Designing an Electrical System for Your Off-Grid Camper

April 19, 2020

 

Almost every trailer we have built out has been setup for boondocking ie. off-grid use. When a client comes to us with the desire to use their trailer without being plugged into water, sewer, or electric, the first thing we ask them is for a list of appliances they want to run while boondocking. Certain appliances have a larger draw on your trailer's batteries - and these need to be kept in mind when building your electrical system. 

 

Here are the basics for beginning to design the electrical system for your off-grid camper. For an off-grid trailer, here is what we recommend your system include: 

  • A Converter - This takes your shore power (AC) and converts it to DC power (12v system) and charges your batteries the quickest through shore power. 

  • An Inverter - This takes your 12v (battery bank) and converts it to AC power (your outlets, plug-ins for certain appliances). Size will depend on your 110v power requirements when not plugged into shore power. 

  • Batteries - We like the AGM or Lithium Iron batteries

    • Lead Acid Batteries - These are less expensive, higher maintenance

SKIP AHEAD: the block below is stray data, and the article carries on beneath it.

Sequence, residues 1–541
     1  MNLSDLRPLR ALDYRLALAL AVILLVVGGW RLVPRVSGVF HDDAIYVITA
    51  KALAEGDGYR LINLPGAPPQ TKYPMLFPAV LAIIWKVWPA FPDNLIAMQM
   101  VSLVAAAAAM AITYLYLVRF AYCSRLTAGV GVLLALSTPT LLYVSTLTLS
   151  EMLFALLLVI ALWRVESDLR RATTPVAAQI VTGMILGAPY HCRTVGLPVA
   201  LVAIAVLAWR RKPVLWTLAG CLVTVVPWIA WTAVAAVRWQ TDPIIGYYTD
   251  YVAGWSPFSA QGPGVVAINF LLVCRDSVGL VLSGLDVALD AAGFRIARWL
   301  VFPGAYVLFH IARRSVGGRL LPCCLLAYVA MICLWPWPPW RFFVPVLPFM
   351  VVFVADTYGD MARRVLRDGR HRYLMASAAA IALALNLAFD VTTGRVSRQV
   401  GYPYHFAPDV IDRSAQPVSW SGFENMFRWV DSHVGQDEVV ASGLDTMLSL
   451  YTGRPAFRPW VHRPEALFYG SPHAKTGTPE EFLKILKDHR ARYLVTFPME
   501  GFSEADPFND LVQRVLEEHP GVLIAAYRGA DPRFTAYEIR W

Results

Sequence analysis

• AGM Batteries - These are a little more money, but no fuss no muss

    • Lithium Iron Batteries - This is the most expensive option, the lightest weight and offers more charge cycles. You can also deplete these down to 0 and recharge them. 

  • Solar Panels - We are partial to Zamp Solar because they're based here in Bend, they are made in the US and they make lower profile, longer panels that fit nicely on Airstreams

    • Renogy is a good option for a less expensive setup and if you like having all of your components from the same supplier, they build panels, batteries, chargers, and inverters.

  • Propane Appliances - Propane appliances can draw little to no battery supply. Here are a few main appliances that can be propane:

    • Refrigerator

    • Cooktop

    • Oven

    • Catalytic Heater or Furnaces - There can be a large battery draw using a furnace if your fans are on all night

    • Water Heater - We've used the Suburban Instant Hot Water Heater in almost every build, and have been incredibly happy with it

  • More 12v than 110v 

The number of solar panels you want and the size of your battery bank is going to depend on what it is you want to use while boondocking and we recommend monitoring your energy draws regularly.

 

 

 

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